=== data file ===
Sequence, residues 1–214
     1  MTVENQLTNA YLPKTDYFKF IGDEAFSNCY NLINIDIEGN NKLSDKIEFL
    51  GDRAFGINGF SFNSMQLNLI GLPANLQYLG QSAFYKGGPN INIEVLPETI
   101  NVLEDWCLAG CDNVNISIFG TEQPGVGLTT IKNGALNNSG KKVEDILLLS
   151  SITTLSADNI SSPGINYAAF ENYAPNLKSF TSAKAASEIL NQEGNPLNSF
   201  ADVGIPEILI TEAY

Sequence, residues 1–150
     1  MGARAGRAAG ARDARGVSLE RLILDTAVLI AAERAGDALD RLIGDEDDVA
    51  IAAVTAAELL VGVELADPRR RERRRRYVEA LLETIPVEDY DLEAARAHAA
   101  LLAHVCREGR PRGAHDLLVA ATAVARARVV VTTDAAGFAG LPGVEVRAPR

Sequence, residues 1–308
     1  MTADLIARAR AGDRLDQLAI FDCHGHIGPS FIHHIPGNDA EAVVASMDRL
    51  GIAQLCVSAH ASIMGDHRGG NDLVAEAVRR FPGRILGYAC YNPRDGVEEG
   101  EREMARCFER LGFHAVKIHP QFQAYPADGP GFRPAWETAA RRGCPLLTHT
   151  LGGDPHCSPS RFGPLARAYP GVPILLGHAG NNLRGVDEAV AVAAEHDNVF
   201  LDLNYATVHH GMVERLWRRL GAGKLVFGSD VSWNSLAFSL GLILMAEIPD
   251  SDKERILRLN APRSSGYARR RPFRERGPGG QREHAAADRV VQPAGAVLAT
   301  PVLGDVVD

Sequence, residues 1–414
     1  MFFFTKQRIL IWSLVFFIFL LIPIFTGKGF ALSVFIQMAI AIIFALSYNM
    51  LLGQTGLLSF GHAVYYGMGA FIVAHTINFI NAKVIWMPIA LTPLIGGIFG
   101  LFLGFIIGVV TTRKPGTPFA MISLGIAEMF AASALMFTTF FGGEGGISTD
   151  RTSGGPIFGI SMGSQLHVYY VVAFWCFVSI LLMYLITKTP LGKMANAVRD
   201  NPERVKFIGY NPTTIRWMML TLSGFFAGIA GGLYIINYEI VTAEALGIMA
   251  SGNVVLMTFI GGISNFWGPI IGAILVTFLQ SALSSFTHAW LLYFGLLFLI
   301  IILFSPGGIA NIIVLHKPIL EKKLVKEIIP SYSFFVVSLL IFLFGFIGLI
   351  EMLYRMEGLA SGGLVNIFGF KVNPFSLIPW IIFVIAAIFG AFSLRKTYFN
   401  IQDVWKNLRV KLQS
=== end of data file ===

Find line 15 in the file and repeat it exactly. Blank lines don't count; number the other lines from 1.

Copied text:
   151  LGGDPHCSPS RFGPLARAYP GVPILLGHAG NNLRGVDEAV AVAAEHDNVF